electronic balance, ruler, gloves, safety goggles, apron


Part I – Gross Anatomy and Function of Chicken Wing

Procedures:
   1. Study the diagram of a chicken wing. Use the diagram to help you locate certain
      muscular and skeletal structures.
2. Rinse the chicken wing under cool, running water. Dry it thoroughly with a paper towel.
3. Examine the wing at the point where it was removed from the body. Depending on the
   way the wing is cut, you might see cartilage and bone marrow.
4. Using the scissors, cut down the middle of the skin, starting at the top end of the upper
   wing. Try not to cut through the muscles below the skin. Do this by piercing the skin
   and then slipping the scissors between the skin layer and the muscle. Cut until you reach
   the shoulder joint. (See Figure 1, Cut 1.)




5. Cut down the sides of the skin to make a T-shaped cut. Start at the first cut and cut away
   from it in both directions. Peel the skin and cut to loosen it. (Note: the chicken skin can
   be very difficult to remove. Take your time peeling it back so as not to damage the
   tissues underlying it. (See Figure 2, Cut 2.)
Fat
   6. Look for yellowish tissue clumped together beneath the skin. This is fat tissue, made of
       fat cells.
Muscles
   7. Observe the muscles in the wing. They look like bundles of pale pink tissue.
   8. Find two muscles in the wing that bend and straighten the elbow joint. Each muscle
       pulls on the lower wing bones in one direction (the flexor bends the joint). Since the
       flexor cannot lengthen by itself to push the bone back to straighten the joint, another
       muscle pulls the bone in the opposite direction (extensor).
   9. Hold the wing down at the shoulder and alternately pull on each muscle. Observe what
       happens.
Tendons
   10. Tendons are shiny white tissues at the ends of the muscles that attach muscles to bones.
       Find as many tendons as you can on the chicken wing.
   11. Pull on a tendon to see how it helps the chicken move its wing.
Joints and Ligaments
   12. Two bones come together at a joint. Bend and straighten the elbow joint and observe
       how the bones fit together.
   13. Ligaments connect bones to other bones at joints. They look like a shiny white covering
       of the joint surfaces.
   14. Closely examine the elbow joint between the upper wing and the lower wing and
       identify the ligaments.
Cartilage
   15. Between the bones is another shiny white material that is slippery. This is cartilage,
       which helps the bones move without grinding against one another, or without causing
       trauma.
Wing
   16. Move the wing again. Explore how the muscles, tendons, ligaments, and cartilage play
       roles in the wing’s movement.
   17. Complete the Observation Table. When you have finished observing the wing and
       writing your notes, properly dispose of the external chicken tissues. Keep the three
       wing bones for Part II.
   18. Wash all equipment in hot, soapy water. Wash your hands with hot water and soap.



Observations:
Complete the Observation Table and questions.
   1. Do you think this wing is from the left side or the right side of the chicken’s body?
      Explain your answer.
   2. Which joint in the human body is similar to the joint you studied?
   3. Describe any interesting observations you made about the chicken wing. Include names
      of bones and tissues in your description when possible.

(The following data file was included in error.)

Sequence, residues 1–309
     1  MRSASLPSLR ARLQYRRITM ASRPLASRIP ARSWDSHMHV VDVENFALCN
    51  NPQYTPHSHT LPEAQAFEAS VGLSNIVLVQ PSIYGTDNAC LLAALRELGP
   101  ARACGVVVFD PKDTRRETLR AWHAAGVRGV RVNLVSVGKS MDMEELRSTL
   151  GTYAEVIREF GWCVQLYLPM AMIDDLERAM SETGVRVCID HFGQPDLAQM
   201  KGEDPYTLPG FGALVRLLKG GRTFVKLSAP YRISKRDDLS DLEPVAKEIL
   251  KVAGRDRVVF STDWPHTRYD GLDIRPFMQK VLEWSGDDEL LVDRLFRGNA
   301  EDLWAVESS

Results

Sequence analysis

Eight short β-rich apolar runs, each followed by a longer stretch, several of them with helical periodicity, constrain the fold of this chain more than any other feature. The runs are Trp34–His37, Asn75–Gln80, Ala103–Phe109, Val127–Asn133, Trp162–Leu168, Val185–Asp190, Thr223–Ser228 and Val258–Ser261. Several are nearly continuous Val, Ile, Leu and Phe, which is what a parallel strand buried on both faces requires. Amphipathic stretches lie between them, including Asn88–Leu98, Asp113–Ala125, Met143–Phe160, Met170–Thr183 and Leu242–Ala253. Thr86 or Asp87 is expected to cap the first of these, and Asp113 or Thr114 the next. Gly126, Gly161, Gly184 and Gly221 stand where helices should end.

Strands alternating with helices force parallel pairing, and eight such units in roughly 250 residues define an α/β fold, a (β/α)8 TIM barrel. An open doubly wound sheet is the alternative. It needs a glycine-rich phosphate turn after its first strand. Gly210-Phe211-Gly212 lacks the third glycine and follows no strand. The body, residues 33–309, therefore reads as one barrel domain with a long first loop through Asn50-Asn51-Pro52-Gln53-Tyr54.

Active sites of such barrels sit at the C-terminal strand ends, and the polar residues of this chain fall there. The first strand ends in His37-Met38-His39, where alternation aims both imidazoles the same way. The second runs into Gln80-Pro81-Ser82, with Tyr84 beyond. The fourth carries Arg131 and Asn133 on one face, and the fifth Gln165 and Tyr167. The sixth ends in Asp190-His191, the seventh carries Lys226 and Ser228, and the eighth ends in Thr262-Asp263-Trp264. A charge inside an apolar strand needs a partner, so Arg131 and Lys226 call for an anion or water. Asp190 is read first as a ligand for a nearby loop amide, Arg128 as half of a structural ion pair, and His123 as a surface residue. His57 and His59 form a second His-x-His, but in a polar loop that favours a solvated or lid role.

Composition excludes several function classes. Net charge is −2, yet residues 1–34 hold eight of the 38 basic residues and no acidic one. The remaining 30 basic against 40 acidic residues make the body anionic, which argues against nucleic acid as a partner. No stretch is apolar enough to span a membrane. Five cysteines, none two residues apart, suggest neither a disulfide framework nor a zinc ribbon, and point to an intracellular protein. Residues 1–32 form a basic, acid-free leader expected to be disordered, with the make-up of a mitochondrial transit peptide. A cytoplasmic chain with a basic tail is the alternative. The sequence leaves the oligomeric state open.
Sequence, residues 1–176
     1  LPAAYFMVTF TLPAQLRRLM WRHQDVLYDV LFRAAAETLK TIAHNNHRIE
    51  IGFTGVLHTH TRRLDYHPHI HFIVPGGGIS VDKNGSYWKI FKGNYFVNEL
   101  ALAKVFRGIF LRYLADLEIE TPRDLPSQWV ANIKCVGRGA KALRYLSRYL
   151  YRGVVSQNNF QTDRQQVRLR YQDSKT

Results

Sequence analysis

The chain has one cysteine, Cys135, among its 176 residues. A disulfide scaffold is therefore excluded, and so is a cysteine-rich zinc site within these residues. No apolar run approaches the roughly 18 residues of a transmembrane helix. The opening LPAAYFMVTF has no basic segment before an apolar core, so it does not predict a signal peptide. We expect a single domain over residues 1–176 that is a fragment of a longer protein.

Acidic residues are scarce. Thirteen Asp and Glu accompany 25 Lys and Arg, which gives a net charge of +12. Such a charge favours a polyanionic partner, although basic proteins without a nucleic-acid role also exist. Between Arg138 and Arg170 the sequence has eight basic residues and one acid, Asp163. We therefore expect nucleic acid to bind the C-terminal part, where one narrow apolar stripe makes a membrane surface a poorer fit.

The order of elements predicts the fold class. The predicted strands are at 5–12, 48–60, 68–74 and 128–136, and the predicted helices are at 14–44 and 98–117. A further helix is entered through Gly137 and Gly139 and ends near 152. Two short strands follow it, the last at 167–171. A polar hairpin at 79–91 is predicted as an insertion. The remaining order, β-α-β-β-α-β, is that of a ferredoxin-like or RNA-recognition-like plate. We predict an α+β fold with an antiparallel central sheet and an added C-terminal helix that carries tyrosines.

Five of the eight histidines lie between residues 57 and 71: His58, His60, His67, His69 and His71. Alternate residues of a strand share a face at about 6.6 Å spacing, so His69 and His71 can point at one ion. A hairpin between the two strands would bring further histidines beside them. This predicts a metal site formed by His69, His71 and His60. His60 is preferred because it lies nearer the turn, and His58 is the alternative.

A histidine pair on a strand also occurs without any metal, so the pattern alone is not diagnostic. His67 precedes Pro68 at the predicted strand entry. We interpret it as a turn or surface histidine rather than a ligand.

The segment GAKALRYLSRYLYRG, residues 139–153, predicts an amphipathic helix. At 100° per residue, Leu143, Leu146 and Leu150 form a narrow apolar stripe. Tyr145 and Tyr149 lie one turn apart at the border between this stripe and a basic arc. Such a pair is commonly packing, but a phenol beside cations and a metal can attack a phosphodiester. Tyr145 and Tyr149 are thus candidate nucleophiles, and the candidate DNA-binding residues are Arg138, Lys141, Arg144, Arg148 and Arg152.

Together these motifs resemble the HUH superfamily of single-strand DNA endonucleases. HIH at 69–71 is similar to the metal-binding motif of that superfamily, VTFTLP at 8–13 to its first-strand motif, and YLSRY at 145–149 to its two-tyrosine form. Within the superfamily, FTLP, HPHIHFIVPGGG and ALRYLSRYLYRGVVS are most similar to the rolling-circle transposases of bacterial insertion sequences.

Discussion:
   1. What type of tissue actually moves the chicken wing?
   2. Why are tendons important to a muscle’s ability to make the body move?
   3. What tissue of the chicken wing is commonly referred to as the “meat”?
   4. Based on your observations, explain the roles of muscles, tendons, bones, and joints in
      the back-and-forth movement of the lower chicken wing.


Part II – Microscopic Anatomy and Function of Chicken Wing

Procedures:
   1. Using the chicken bones from Part I, dry off any excess moisture, remove any extra
      “meat” and “gristle,” weigh and measure the length of each specimen.
   2. Record data on a chart in your Results section.
   3. Tie fishing line on each end of three bones. Then, place one chicken bone in a container
      of household vinegar. Provide enough vinegar to cover the bone.
   4. Place the second chicken bone in a container of bleach.
   5. Set up a control group by placing the third bone in a container of alcohol.
   6. Each day, at the same time, remove the bones from their containers; dry off any excess
      moisture, and weigh and measure each bone. Record the findings onto the chart. Notice
      any changes in color, texture, or appearance of the bone. Write down your observations.
      Continue this for three days.
   7. At the end of the third day, handle the bones and notice the difference between them.
   8. Tap the bones on the table. Be careful with the brittle bone as it is likely to shatter.
Observations:
  1. Compare and contrast the three bones placed in the various liquids.
  2. Generally, distilled water is used as a control when comparing the effects of liquids on
     types of tissues. However, in this experiment we used alcohol. Why?
  3. Why do you think the liquids had the effect they did on the bones?

Discussion:
   1. In rickets, the bones are not properly calcified due to a lack of calcium and/or vitamin D
      which aids in the deposition of calcium in the bone. Which of above specimens more
      closely resembles the bones of a child with rickets? Explain.
   2. What is the cause of osteoporosis? What are its symptoms? What age group does it
      normally affect? What preventive measures can be taken to prevent osteoporosis?
      Which of the above specimens more closely resembles the bones of an adult with
      osteoporosis? Explain.